Domestic demand for motor fuels in Vietnam is expected to weaken further in the near term as the country battles to control the ongoing spread of a new wave of coronavirus, industry sources told S&P Global Platts.
Receive daily email alerts, subscriber notes & personalize your experience.Register Now
The concerns come as the country's business hub, Ho Chi Minh City, announced late June that social distancing measures would be extended indefinitely, as the country struggles to contain a fresh spike in cases amid the discovery of several new clusters in the city.
"This new wave in Vietnam is very serious. It has spread quickly and the government is doing all it can to contain it," one market source based in Vietnam told Platts.
The number of new cases in Vietnam exploded in May after pockets of infections were discovered in the regions of Bac Ninh and Bac Giang, home to large factories belonging to the likes of Samsung Electronics and Foxconn facilities, among others.
Since then, Vietnam's COVID-19 cases has remained on an uptrend, with the number of new infections hitting a record high 1,102 on July 5, according to data from the John Hopkins University.
"Travel has come to a standstill. [Gasoline] demand has plunged, while stocks continue to pile up," the Vietnam-based source noted.
The impact of the movement curbs on driving activity has been severe, sinking to between 30% and 40% below baseline levels as of June 9, levels not seen since February, mobility data from Apple showed.
Tepid gasoline imports
On the gasoline front, the plunge in domestic driving activity has already tapered import activity from domestic buyers.
In May, Vietnam's gasoline imports slumped to a 14-month low of 53,293 mt, according to preliminary data from Vietnam Customs, down sharply from the three-month high of 120,403 mt recorded a month earlier in April.
"Vietnam in the past was a regular importer of around three to four MR cargoes per month, but since the COVID-19 pandemic, buyers [from Vietnam] have lowered their demand. Even exporting when they have too much," another Singapore-based market source said.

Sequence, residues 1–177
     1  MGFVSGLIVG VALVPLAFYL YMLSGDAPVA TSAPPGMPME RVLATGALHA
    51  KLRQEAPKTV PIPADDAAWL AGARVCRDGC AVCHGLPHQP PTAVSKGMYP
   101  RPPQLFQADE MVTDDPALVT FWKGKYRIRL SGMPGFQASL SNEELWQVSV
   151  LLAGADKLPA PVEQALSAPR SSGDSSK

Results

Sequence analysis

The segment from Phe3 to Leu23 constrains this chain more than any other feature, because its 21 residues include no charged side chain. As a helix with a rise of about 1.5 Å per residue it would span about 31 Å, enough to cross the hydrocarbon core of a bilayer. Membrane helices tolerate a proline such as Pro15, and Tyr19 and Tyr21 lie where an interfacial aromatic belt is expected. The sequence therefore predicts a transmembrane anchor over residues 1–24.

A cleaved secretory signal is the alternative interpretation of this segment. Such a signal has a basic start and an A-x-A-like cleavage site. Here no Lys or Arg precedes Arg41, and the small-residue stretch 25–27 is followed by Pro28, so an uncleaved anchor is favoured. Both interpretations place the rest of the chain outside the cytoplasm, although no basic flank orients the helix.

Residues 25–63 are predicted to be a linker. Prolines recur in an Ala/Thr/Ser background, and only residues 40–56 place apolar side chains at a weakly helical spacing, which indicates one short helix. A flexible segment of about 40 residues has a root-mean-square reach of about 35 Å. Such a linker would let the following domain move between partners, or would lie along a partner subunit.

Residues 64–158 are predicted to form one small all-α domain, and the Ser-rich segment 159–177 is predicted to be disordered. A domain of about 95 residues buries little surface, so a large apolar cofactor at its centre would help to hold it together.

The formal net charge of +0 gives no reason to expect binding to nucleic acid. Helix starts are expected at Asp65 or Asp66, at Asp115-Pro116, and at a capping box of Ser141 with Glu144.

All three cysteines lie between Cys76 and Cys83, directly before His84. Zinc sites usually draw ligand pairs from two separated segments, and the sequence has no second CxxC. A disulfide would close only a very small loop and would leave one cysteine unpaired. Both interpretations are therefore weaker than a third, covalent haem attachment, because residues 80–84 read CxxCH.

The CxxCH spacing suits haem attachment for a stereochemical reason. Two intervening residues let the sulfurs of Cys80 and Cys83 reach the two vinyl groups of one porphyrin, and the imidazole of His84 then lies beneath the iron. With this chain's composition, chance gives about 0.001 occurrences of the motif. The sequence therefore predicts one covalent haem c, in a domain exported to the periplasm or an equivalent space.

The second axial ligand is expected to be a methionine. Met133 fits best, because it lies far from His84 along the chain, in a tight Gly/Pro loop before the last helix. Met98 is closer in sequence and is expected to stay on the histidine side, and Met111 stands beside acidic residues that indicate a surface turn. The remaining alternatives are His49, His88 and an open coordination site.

To that end, Nghi Son Refinery & Petrochemical was spotted having offered up to two 30,000 mt cargoes, with one cargo to have loaded over June 15-25 and a second sometime over end-June to early-July, according to N open tender seen by Platts.
"When the Vietnamese refineries start to sell cargoes, It is a sign that their domestic fundamentals are terrible," a third gasoline source said.
Uneven demand for gasoil
Vietnam's demand for gasoil, on the other hand, has remained largely steady as the government prioritizes the continuity of the country's manufacturing and industrial sectors due to economic concerns.
Vietnam is home to several major facilities that produce everything from electronics to automobile parts, to packaging material for major food and beverage brands, with these factories playing a key role in the global supply chain.
Apart from being channeled into the transportation industry, gasoil -- or diesel oil -- is also used in the industrial and manufacturing sectors.
With this sector still in operation through the latest outbreak, market sources said that this has become the floor for Vietnam's gasoil demand and prevented further demand destruction caused by coronavirus-related movement restrictions.
Latest data from Vietnam's customs department showed that the country's gasoil imports in May rose 13.66% on the month to a 10-month high of 489,152 mt, defying widespread expectations that gasoil inflows would decline due to the spike in COVID-19 infections.
Still, some sources said that headwinds remain for the middle distillate due to tighter restrictions enforced in June.
"Transportation became quite difficult between Ho Chi Minh city and surrounding provinces, and streets in Ho Chi Minh have been deserted since the end of May and all through June and less vehicles [have been] seen running on the streets," a Vietnam-based source said, adding that June typically marks the start of the rainy season when demand for oil products decline.